International Adoption Info

Newsletter #125 for Internationally Adopting Parents
February 25, 2010
PAL Center Inc.


BGCenter Has Opened its
West Coast Office -
the BGCenter-West!

Dr. B. Gindis
travels between offices and
provides services in both Centers

Next trip
March 11-25, 2010

is opened in cooperation with
Leaps and Bounds
Pediatric Therapy Center

at 1760 E Pecos Rd.
Gilbert, AZ 85296

Please call the main number at
for the advanced scheduling
in both locations

New classes are coming to the BGCenter Online School:

1. Online class PC1
The first year home:
What to expect and how to respond

2. Online class SJM1
Adopting a Child From Birth
to Three Years Old

Jean Roe Mauro, LCSW and Sara-Jane Hardman, the authors
of the book

If I love my kid enough

You receive this newsletter
as a former client or correspondent
of the Center for Cognitive-Developmental
Assessment & Remediation,
or a former student
of the BGCenter Online School,
or a user of the International Adoption Articles Directory.



Latest Articles
from the

International Adoption Articles Directory

New Articles


Adopting an older child does not make for less work on the part of a parent. Older children, even those who may have acquired family skills prior to adoption, have to relearn those skills in the new context of their adoptive family. Attachment is not transferable from one adult to another automatically. Attachment needs attention and nurturing in order to grow. It requires a commitment by both parent and child.

A child with a complex background is immune to bribery, scare tactics, pressure, or demands to attach. Many parents report that when their child gets angry and stubborn, the child yells, "You can take everything away from me; I don't care." And the truth is, the child doesn't care, because what was really valuable - a safe secure home - was taken away and nothing else really matters. Therefore a parent can only entice a child to enter into a relationship.

Having fun together is the best and perhaps the only enticement to which an internationally adopted child will respond. Along with fun, the parent must help the child manage his own emotional and physiological responses so the child feels safely in control. Eye contact and play are highly stimulating, so it is imperative that parents have soothing and calming strategies in hand to help modify a child's excitement.

Patty Cogen, Ed.D.
An abstract from the new online class PC-1 "The First Year Home",
Unit 8. Understanding and building attachment,
Section: Having fun together - releasing the feel-good chemicals for both of you.
Course Program

Adrian King
Positive Parenting: Exercising With Your Child!
So how do we do that? How can we exercise with our child so it is beneficial to not only me but also for my child? Well, in our society we have many opportunities to have quality time with our children, but sadly many parents just don't do it.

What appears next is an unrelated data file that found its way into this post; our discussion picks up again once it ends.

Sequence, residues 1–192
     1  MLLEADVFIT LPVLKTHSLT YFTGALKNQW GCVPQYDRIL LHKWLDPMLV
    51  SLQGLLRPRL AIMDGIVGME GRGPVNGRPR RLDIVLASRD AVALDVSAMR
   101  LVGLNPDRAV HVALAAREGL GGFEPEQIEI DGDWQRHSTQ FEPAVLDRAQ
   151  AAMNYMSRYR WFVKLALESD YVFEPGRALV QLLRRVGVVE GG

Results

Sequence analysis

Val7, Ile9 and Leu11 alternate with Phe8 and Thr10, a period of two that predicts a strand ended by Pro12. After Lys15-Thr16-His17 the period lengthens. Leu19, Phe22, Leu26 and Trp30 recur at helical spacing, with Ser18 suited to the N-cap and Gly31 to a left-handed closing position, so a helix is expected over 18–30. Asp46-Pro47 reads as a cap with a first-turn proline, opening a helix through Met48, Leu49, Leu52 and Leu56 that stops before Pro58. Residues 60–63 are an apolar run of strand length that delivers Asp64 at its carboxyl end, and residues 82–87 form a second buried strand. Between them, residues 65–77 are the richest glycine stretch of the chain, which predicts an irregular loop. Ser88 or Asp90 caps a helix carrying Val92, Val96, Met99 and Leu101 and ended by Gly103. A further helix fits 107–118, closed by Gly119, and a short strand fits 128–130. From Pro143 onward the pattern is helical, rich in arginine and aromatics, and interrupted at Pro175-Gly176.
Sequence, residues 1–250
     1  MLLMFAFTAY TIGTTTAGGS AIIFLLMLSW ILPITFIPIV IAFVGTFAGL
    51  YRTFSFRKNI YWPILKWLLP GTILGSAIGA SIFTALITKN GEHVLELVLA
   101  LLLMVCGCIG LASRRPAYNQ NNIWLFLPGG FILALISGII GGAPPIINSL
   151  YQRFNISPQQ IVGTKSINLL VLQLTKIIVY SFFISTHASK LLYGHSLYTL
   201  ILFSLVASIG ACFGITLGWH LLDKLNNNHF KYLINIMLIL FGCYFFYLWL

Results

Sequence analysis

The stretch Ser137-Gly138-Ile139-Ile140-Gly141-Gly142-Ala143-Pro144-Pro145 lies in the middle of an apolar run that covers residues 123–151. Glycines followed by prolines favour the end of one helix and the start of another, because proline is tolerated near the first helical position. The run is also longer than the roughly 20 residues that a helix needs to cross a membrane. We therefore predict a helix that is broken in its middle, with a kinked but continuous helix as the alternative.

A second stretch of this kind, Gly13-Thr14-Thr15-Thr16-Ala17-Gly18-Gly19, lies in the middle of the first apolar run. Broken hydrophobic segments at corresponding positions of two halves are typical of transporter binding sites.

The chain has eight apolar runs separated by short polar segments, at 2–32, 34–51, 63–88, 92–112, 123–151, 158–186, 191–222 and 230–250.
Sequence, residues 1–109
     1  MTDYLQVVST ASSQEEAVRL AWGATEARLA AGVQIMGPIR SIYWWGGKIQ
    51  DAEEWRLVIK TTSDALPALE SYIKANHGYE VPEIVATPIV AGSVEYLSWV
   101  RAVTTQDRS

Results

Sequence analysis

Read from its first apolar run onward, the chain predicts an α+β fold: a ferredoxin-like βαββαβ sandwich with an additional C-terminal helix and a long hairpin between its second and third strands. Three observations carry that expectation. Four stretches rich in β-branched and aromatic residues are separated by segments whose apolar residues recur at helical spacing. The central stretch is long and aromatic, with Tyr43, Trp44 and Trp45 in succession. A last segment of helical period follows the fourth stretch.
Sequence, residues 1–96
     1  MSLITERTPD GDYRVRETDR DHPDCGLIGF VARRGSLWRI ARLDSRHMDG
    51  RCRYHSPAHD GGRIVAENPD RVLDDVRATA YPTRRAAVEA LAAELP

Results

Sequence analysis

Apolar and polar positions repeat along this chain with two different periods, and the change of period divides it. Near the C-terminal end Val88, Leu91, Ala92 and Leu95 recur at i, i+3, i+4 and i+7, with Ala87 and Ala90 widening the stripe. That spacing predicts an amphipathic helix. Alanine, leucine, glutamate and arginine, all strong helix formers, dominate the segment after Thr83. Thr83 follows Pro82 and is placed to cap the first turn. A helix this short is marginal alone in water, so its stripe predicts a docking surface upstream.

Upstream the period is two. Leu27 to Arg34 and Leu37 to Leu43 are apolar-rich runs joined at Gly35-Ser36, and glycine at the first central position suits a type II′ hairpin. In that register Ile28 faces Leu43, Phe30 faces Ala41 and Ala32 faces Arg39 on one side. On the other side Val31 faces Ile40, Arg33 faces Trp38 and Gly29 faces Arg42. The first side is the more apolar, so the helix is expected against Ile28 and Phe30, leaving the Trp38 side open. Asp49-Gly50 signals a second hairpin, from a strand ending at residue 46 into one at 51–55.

Boris Gindis, Ph.D.
Activities to Promote Healthy Development
The most important task in the first weeks and months of adoption is to strengthen attachment with your internationally adopted child. Playing and taking care of the child’s basic needs (feeding, bathing, etc.) will constitute your major occupation at this time.

Daniel Foote
Education Games For Youngsters, Good Plan?
Educational games for kids are actually everywhere. They vary from real-life board games to without charge Internet games. They may also be effortlessly ordered or accessed. Malls have toy sections where you will discover tons of games. Whilst not all of them will be educational, games like scrabble and chess are not likely difficult to find. Popular websites like Facebook and Yahoo offer a section of games, the vast majority of that happen to be child-friendly.

Joe Webb
Foster Caring Grandparents
Grandparents have long been victims of family breakup, contact has been stopped with their grandchildren and they are often never considered in the decisions made by parents.

Dr. Marlene Maheu
The Smart Parent's Way To Handle Children And Divorce
For parents who survive mean-spirited, angry, ugly divorces; an ex-spouse can "win" by alienating their children. We all know of the obvious ways this can be done - outright lying, magnifying the alienated spouse's faults and minimizing their attributes.
The courts sometimes encourage such behavior by giving the child 'permission' to stay away from that spouse if he/she simply doesn't want to see the parent. For some parents, the pain involved with children and divorce is immense.
Luckily, with children, the initial anger often does melt into acceptance, but only if you are there to receive it. If you are angry and pouting yourself, you might miss the opportunity to change your relationship with your child.

More articles on Daily Activities With Children are available from the International Adoption Articles Directory


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